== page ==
The cittern has a scale similar in length to the octave mandola but usually with ten strings, not eight, and tuned modally (to a chord or drone). Strictly speaking, modern citterns are a remake of a medieval predecessor of the guitar, but musically, they really belong in this group of instruments here. It’s usually tuned to some kind of open chord either GCGCG (C chord) or GDGDG (G chord). It’s used mostly to play an accompaniment of melodic runs along with a bagpipe-type drone. Its ten strings make it very versatile for chord work or for melody playing. The strings are usually tuned in pairs, but sometimes each pair will comprise of two strings an octave apart, like the bottom four strings of a twelve-string guitar. We sell a lot of citterns to guitar players who have maybe enjoyed experimenting with open tunings.

Tenor Mandolin

This instrument has a scale length longer than the mandolin but shorter than the octave mandola. It is normally tuned in unison pairs as follows, ‘C’ 4th pair, ‘G 3rd pair, ‘D’ 2nd pair, and ‘A’ 1st pair.

Here we’ve provided you with some Q&A’s to further assist your buying decision.

Answer: You can visit our shop at any time during our normal opening hours. You can make yourself at home here, have a cup of Yorkshire tea or coffee and spend as long with us as you may you need to make your choice. You will be able to try various brands and different mandolin models at all price levels to help you make your choice.

We have dedicated staff that are mandolin specialists and can play all styles of mandolin. We will help you to make the right choice of mandolin and then continue to help you along your musical path after you have bought from us. We shall always be here for you at the end of the phone to help you with any technical questions.

Answer: Our mandolins start in the region of £150.00 for a beginners model. Any mandolin that you purchase from us will be set-up in our workshop by the same technicians that set-up our top end models so you will have no worries about its playability. Our ‘Starter Packs’ are exceptional value for beginners and include everything in the pack that you will need to get you started.

Answer: Build quality and reliability is what defines a professional mandolin. For example: Some Tanglewood and Ozark mandolins are priced at less than £300.00 and are used by many professional players and on the other end of the spectrum many professionals play mandolins from the Eastman range starting at less than £400.00 and other hand built models by makers such as Prucha and Davidson that are priced into the thousands of pounds.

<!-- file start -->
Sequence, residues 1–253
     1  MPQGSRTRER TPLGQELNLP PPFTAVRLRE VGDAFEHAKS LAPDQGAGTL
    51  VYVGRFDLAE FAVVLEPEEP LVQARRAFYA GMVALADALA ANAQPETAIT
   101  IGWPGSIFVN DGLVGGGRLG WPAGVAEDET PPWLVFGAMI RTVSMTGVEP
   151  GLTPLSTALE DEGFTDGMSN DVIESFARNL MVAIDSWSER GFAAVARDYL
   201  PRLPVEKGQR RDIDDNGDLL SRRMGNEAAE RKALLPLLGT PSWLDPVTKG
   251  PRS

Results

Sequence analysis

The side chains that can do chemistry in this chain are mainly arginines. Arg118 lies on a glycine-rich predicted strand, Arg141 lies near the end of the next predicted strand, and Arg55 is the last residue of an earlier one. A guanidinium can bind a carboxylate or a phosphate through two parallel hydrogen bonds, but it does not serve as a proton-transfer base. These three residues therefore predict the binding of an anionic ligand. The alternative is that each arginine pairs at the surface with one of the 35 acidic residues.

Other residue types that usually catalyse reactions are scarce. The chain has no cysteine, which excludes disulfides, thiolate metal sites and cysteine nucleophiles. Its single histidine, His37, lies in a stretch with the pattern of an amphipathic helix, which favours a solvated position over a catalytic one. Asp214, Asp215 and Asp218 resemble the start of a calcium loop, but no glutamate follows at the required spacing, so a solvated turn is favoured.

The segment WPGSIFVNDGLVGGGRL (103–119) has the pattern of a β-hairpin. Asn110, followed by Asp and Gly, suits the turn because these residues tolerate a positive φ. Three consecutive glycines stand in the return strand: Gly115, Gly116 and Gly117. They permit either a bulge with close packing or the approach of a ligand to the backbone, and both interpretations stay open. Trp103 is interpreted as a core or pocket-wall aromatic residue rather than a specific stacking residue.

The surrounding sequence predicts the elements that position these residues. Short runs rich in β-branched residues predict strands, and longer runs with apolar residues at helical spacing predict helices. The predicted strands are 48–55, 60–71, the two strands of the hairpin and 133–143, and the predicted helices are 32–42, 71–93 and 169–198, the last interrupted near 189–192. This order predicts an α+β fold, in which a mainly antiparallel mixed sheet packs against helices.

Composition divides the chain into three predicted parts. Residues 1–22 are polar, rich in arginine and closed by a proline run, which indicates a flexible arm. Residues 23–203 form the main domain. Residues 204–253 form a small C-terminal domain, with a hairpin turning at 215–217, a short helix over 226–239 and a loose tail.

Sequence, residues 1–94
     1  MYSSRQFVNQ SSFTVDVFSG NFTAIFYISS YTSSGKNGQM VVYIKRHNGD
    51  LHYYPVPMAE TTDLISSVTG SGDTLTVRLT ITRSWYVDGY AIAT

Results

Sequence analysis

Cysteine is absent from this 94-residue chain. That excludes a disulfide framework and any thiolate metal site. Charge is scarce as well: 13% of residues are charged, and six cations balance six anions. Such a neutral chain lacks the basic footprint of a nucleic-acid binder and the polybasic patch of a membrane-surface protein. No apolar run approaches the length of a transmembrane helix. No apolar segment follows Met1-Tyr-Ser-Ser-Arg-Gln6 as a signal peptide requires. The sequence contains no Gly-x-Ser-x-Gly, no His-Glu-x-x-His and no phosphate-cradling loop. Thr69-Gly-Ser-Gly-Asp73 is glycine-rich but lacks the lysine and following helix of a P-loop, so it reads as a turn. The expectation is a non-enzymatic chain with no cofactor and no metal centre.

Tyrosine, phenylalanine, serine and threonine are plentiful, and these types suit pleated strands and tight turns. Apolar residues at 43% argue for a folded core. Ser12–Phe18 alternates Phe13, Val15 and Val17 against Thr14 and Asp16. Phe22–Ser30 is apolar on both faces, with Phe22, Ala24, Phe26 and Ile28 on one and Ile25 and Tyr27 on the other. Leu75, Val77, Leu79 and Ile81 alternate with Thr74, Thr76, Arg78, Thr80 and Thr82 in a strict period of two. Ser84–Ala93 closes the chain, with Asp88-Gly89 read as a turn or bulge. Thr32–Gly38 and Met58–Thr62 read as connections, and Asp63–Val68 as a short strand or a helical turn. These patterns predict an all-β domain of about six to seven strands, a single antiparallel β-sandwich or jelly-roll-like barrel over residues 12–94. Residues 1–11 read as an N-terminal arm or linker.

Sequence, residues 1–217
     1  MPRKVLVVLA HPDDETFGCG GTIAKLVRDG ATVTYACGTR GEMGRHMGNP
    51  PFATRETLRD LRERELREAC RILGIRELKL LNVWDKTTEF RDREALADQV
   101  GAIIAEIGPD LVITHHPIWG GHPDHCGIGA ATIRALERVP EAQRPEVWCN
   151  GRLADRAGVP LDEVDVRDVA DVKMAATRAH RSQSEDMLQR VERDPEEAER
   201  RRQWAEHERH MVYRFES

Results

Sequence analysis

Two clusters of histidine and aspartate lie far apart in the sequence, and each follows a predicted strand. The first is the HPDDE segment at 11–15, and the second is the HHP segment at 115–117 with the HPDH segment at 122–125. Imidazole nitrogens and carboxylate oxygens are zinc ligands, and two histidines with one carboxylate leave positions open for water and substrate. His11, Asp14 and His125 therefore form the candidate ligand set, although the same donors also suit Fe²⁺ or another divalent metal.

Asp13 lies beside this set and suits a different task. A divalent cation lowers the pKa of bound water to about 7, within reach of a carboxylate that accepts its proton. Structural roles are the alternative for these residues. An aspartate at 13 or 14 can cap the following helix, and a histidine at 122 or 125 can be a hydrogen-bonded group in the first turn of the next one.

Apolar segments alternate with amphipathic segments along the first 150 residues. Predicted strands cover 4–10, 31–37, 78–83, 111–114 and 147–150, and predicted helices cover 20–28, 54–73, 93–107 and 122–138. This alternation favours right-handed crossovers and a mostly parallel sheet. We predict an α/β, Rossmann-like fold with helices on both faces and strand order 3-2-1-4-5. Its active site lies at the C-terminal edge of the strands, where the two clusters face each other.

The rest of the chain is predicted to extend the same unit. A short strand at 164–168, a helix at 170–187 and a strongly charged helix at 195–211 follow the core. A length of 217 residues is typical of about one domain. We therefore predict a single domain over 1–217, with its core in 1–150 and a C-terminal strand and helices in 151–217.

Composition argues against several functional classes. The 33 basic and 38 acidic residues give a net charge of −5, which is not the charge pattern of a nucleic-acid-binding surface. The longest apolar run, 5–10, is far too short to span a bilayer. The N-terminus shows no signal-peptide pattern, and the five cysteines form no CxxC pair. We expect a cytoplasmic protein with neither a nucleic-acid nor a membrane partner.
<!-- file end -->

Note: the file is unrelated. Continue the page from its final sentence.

Not only do Eagle Music carry many of the World’s top brands of quality mandolins, we also have dedicated staff that play mandolin, teach mandolin and ‘gig’ on stage with mandolins! So, we are in the ideal position to give you professional advice and help you to make the right choice in upgrading your mandolin.

Answer: Irish music can be played on both ‘A’ style and ‘F’ style mandolins. The most popular mandolin type for playing tunes and irish dance music eg. Jigs, Reels, Polkas etc. is a 4-string tenor banjo. The octave mandola or the bouzouki can be chosen to accompany folk songs in the folk style. You can strum along to songs or you can play the octave mandola or the bouzouki in the ‘melodic style’ with finger picks.

Answer: Here at Eagle Music we have an on-site workshop manned by mandolin technicians, we set-up and repair mandolins on a daily basis. We offer you our best service and a FREE Premier set-up when you purchase a mandolin from us. We will look after you as a valued customer after you have bought your mandolin and give you our technical support. We shall be here whenever you may need us in the future to service your mandolin and will give you our best workshop price quotation for any work that may be needed.

Answer: If you are not completely satisfied with a mandolin that you purchase from us, you can return the mandolin to us for a full refund or a replacement. Every mandolin that we sell has a warranty. Some of the lower priced mandolins we sell will have a twelve month warranty. Some of the higher end mandolins that we sell carry a lifetime guarantee against parts and workmanship.

Answer: We carry a superb range of the highest quality accessories for all the mandolins that we sell. Our range of world class accessories includes gig bags and cases, capos, string sets, tuners, flat picks, tuition books , DVD’s etc.

Answer: We offer you a comprehensive range mandolin spares and parts including mandolin strings tuning machines, tailpieces, bridges, pick-ups etc. We work closely with all the mandolin makers that supply us, and can also obtain any custom parts and retro-fits that may be available.

Answer: The choice of mandolin for playing Bluegrass music is the ‘F’ style mandolin. You will play it in the ‘Bill Monroe style’ with a flat pick. The ‘F’ style mandolin gives you the extra punch and projection of sound is the choice of most bluegrass players as the style and ‘F’ holes in the soundboard will give you the hardest driving mandolin and the most volume.

Answer: In short, yes it does. You have to take each instrument on its own values. Just because an instrument is made in the Far East does not mean that it is an inferior instrument. In general quality is relative to price. We choose the brands that we stock and sell very carefully, we would not ‘sell you a mandolin that does not work’. It is true that a high priced hand built mandolins will be a much higher quality than a low priced Chinese factory made mandolin. Also, we offer some mandolin brands eg. Eastman that are manufactured in China to the highest quality specification.

Answer: You can choose from Prucha, Davidson, Erin, Agnew and Eastman to mention a few of our top class makers. Each one of these World Class brands has its own unique features and characteristics within its range of mandolin models.

Answer: We can consider what you are wanting to trade in with us. we will offer you the best price and give you our best advice at the point of sale. In many cases you will get a better price by selling your mandolin on ebay or by private sale.